Socialist Worker

Women's athletics: gender is more than just XX chromosomes

by Kelly Hilditch
Issue No. 2166

What defines a woman? The way you look? The way you dress?

The treatment of the South African athlete Caster Semenya over the past couple of weeks suggests that doing a little too well in your chosen field is one thing that will most certainly get tongues wagging.

Add short hair, strong features and a muscular physique and apparently it’s case closed – there’s no way you can be defined as female.

The International Association of Athletics Federations (IAAF), in a statement released just hours before Semenya was due to race in the final of the world championships in Berlin, said she has to undergo gender verification.

She went on to win the race – which is apparently not very feminine. Where was all the emotional weeping? A real woman would surely not have been able to hold it together.

The IAAF has behaved in the most shameful way. This is the same organisation that, when an athlete is suspected of cheating – of deliberately taking performance enhancing drugs, for example – waits until it has the full details before making any public statements.

Instead, just hours before the final began, and weeks before the results of their tests could be known, the IAAF released a press statement that would throw Semenya, at just 18 years old, onto the front pages of newspapers across the world.

The IAAF’s decision to publicise Semenya’s case is incomprehensible, particularly in light of the devastating impact on athletes in previous cases. Middle distance runner Santhi Soundarajan attempted suicide after she was stripped of her 2006 Asian championships silver medal following a “failed” gender verification test.

Let’s be clear – Semenya is not being accused of being a man dressed as a woman, although this is the impression most tabloid readers will have. Nor is it being suggested that Semenya “used to be” a man.

Rules

If this were the case, the rules would be clearer. Athletes who have undergone gender reassignment surgery are legally recognised as a member of their chosen sex, and those who have undergone two years of hormonal therapy can compete in the Olympics.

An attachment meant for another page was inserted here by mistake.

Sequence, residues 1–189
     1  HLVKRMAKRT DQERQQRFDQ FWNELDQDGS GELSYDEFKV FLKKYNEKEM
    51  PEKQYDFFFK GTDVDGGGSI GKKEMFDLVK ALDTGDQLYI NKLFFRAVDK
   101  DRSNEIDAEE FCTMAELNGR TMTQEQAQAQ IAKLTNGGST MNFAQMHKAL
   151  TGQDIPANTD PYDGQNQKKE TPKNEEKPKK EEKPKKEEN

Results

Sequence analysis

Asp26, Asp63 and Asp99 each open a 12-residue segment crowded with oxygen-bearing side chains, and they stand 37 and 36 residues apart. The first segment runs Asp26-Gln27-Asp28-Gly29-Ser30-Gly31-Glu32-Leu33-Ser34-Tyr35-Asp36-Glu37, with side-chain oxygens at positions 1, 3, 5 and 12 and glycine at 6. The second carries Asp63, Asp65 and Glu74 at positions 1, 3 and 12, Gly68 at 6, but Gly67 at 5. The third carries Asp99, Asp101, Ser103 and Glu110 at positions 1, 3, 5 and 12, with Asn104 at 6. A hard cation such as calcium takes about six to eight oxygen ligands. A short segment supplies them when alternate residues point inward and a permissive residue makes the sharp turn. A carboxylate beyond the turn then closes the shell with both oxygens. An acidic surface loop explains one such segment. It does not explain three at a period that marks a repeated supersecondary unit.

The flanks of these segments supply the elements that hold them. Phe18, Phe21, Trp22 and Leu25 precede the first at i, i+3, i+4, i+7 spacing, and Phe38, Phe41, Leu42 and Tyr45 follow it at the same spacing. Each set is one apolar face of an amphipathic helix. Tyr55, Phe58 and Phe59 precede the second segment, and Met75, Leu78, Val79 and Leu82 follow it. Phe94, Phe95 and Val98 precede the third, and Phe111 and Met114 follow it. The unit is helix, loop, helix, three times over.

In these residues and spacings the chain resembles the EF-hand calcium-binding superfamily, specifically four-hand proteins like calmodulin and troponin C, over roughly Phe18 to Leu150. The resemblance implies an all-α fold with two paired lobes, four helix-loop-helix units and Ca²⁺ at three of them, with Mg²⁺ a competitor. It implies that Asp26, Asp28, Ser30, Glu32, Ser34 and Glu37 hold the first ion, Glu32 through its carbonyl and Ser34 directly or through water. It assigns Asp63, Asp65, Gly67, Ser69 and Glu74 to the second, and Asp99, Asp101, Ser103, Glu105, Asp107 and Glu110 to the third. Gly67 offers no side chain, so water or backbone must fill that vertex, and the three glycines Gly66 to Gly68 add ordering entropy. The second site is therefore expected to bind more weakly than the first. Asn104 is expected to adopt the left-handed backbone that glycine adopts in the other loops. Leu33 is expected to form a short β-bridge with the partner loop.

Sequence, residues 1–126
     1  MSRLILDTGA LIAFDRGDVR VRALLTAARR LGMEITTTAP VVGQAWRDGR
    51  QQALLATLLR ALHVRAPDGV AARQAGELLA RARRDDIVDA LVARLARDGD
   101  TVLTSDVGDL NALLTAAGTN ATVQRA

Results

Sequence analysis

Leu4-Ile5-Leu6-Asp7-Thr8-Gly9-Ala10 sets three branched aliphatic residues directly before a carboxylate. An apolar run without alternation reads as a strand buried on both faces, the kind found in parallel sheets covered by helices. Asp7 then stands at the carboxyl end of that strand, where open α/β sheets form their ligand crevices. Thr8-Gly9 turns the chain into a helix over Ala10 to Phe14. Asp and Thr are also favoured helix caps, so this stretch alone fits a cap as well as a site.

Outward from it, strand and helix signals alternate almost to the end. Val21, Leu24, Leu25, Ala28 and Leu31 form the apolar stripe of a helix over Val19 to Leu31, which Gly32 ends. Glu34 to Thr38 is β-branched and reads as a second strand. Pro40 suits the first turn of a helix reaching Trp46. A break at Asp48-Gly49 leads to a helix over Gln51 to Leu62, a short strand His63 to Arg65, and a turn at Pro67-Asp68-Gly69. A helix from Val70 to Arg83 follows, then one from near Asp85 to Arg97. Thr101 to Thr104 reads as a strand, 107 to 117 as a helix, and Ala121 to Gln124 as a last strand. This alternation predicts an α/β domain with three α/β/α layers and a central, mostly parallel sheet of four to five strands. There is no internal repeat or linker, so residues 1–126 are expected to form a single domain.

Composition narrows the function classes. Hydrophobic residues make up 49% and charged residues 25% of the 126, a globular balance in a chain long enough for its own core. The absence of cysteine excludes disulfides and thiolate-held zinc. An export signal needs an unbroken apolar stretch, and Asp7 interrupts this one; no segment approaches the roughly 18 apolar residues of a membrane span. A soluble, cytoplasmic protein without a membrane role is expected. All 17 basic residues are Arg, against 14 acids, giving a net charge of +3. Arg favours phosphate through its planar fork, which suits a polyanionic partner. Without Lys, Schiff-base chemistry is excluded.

Gender verification typically involves a gynaecologist, an endocrinologist, a psychologist and an internal medicine specialist.

It has a shaky reputation. The Journal of the American Medical Association described it in 2000 as “difficult, expensive, and potentially inaccurate”.

DNA tests can confirm whether a woman has the usual XX chromosomes. These tests could show that Semenya has a stray Y chromosome. But does that really matter? Men can have XX chromosomes just as women can have XY ones.

Aside from our genitalia, sex differences are for the large part simply statistical. There may be “norms” in terms of body shape, height or hair growth in terms of gender, but look around you – these are far from absolute.

I haven’t the space, or the biology degree, to go into too much detail here. But I do know that society’s entrenched view of an absolute difference between the sexes is not reflected in our genes. We do, after all, come from the same primordial sludge.

And gender is not something that is fixed – it is a social construct that changes depending on cultural, social and historical factors.

The truth is that women are judged as “unfeminine” if they do too well or if they have too much power. I despair of the number of times I have heard ordinarily sensible people say that Margaret Thatcher could not have been a woman. But she wasn’t a man, she was a Tory – which is a far dirtier insult in my book.

If we accept the idea of absolute differences between the sexes, this leads to the acceptance that the sexes neither want, nor deserve, the same things. There are real differences between men and women, but there are many more things that we share. And a sense of horror at the way this young woman has been treated should be one of them.


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Tue 25 Aug 2009, 19:23 BST
Issue No. 2166
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